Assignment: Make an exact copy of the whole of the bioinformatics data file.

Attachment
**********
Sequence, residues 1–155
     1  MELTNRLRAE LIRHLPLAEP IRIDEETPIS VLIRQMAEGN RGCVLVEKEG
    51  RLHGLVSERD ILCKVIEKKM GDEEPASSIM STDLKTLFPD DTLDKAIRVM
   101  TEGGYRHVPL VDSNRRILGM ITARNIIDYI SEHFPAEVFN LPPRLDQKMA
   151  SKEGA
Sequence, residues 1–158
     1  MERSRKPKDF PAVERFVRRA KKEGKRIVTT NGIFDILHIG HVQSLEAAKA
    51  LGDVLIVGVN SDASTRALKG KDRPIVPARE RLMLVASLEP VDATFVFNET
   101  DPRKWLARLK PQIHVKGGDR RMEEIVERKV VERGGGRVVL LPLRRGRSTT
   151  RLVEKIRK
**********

Sequence, residues 1–155
     1  MELTNRLRAE LIRHLPLAEP IRIDEETPIS VLIRQMAEGN RGCVLVEKEG
    51  RLHGLVSERD ILCKVIEKKM GDEEPASSIM STDLKTLFPD DTLDKAIRVM
   101  TEGGYRHVPL VDSNRRILGM ITARNIIDYI SEHFPAEVFN LPPRLDQKMA
   151  SKEGA
Sequence, residues 1–158
     1  MERSRKPKDF PAVERFVRRA KKEGKRIVTT NGIFDILHIG HVQSLEAAKA
    51  LGDVLIVGVN SDASTRALKG KDRPIVPARE RLMLVASLEP VDATFVFNET
   101  DPRKWLARLK PQIHVKGGDR RMEEIVERKV VERGGGRVVL LPLRRGRSTT
   151  RLVEKIRK